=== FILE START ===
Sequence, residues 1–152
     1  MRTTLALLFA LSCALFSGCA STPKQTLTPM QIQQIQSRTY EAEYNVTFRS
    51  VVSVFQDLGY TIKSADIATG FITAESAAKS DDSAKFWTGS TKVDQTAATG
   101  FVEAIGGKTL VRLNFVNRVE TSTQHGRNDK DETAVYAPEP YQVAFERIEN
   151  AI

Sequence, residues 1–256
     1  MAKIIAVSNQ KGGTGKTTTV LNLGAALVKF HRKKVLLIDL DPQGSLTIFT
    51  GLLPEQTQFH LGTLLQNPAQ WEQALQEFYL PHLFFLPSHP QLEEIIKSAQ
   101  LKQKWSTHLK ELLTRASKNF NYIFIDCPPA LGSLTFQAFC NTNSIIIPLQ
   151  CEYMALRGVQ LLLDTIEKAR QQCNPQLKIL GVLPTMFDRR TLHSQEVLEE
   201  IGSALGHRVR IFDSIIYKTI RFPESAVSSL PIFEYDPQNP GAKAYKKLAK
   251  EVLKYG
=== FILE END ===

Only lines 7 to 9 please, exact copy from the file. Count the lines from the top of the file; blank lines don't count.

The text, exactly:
     1  MAKIIAVSNQ KGGTGKTTTV LNLGAALVKF HRKKVLLIDL DPQGSLTIFT
    51  GLLPEQTQFH LGTLLQNPAQ WEQALQEFYL PHLFFLPSHP QLEEIIKSAQ
   101  LKQKWSTHLK ELLTRASKNF NYIFIDCPPA LGSLTFQAFC NTNSIIIPLQ